Search

Begin New Search
Proceed to Checkout

Search Results for All:
(Showing results 1 to 2 of 2)



Energy Affordability and Subjective Well-Being: Evidence for European Countries

Heinz Welsch and Philipp Biermann

Year: 2017
Volume: Volume 38
Number: Number 3
DOI: 10.5547/01956574.38.3.hwel
View Abstract

Abstract:
This paper uses data on the life satisfaction of more than 100,000 individuals in 21 European countries from 2002 to 2011, to study the relationship between subjective well-being and the affordability for households of electricity, heating oil and natural gas. We find that energy prices have statistically and economically significant effects on subjective well-being. The effect sizes are smaller than but comparable to the effects of important personal factors of well-being. Effects above average are found in individuals from the lowest income quartile. In addition, effects are strongest at times when required energy expenditures can be expected to be high. The empirical results are consistent with the prediction that greater fuel poverty implies a greater effect of energy prices on well-being.



Evaluating the Impact of Energy Poverty in a Multidimensional Setting

Erica Delugas and Rinaldo Brau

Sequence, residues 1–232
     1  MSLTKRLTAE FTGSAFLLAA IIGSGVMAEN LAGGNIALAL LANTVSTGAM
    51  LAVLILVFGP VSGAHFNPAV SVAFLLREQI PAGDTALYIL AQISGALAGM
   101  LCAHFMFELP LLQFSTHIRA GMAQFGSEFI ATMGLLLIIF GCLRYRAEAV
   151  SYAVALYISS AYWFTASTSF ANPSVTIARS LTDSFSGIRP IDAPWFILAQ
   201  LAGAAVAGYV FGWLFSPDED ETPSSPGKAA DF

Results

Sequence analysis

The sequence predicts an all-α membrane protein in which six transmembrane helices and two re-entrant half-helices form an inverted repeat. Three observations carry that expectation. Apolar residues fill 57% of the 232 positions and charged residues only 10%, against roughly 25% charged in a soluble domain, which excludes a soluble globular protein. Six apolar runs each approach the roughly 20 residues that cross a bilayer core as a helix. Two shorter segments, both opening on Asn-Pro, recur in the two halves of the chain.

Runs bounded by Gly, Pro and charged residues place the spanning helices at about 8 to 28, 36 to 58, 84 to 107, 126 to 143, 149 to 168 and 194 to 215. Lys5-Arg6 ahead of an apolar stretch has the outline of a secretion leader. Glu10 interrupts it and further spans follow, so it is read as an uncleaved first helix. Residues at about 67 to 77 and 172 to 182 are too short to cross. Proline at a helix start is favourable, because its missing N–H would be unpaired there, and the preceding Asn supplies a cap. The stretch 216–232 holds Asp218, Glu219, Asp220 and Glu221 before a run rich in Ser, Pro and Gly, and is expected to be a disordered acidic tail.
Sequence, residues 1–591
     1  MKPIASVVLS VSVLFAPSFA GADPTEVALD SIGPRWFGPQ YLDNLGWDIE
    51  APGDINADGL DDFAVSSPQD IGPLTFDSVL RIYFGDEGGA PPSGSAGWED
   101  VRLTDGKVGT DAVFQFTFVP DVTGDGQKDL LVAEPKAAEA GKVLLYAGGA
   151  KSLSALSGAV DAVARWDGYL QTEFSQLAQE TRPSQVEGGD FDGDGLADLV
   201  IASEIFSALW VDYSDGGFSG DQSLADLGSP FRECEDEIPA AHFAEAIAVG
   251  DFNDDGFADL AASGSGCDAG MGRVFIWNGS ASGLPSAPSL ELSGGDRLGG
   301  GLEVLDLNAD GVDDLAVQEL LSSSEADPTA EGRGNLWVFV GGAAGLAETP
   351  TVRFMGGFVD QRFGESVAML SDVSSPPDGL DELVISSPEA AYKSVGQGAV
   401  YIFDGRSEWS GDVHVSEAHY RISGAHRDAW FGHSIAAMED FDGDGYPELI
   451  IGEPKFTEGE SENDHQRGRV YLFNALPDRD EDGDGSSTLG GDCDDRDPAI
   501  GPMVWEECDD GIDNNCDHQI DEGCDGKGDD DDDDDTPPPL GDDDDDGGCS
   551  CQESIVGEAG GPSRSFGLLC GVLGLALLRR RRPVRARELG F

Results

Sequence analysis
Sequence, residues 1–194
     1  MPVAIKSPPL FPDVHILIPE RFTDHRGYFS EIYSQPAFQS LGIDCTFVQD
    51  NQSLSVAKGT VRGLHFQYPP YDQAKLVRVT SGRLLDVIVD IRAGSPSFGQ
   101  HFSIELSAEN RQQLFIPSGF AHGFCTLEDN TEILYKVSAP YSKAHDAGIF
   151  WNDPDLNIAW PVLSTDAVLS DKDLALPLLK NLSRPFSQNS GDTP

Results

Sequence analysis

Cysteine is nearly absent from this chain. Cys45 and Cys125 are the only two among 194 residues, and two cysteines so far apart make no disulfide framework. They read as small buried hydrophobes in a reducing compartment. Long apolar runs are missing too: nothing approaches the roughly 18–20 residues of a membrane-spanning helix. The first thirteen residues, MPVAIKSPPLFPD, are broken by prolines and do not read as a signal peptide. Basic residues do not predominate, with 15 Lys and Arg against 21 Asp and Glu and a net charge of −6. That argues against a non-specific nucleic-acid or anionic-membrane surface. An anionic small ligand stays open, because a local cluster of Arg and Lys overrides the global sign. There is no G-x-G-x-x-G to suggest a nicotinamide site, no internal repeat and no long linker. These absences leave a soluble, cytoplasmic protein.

Year: 2021
Volume: Volume 42
Number: Number 1
DOI: 10.5547/01956574.42.1.edel
View Abstract

Abstract:
We study the relationship between energy poverty and subjective well-being by combining objective and subjective indicators in a multidimensional energy poverty index (MEPI). Using the Italian release of the European Survey on Income and Living Conditions, we first assess the identification power of this index vis-à-vis standard 'affordability' indicators. Subsequently, we use the MEPI in a simultaneous bivariate ordered probit model accounting for the endogeneity between subjective well-being and energy poverty arising from considering subjective indicators. We find a clear additional role by the subjective indicator in the identification of the energy-poor and a relatively low overlapping degree between MEPI and affordability measures. Likewise, econometric estimations detect sizeable and statistically significant negative effects on life satisfaction as the severity level of the MEPI rises. In contrast, virtually no effects are found with affordability indicators. The impact is substantially smaller when the MEPI only considers the subset of objective indicators.





Begin New Search
Proceed to Checkout

 

© 2022 International Association for Energy Economics | Privacy Policy | Return Policy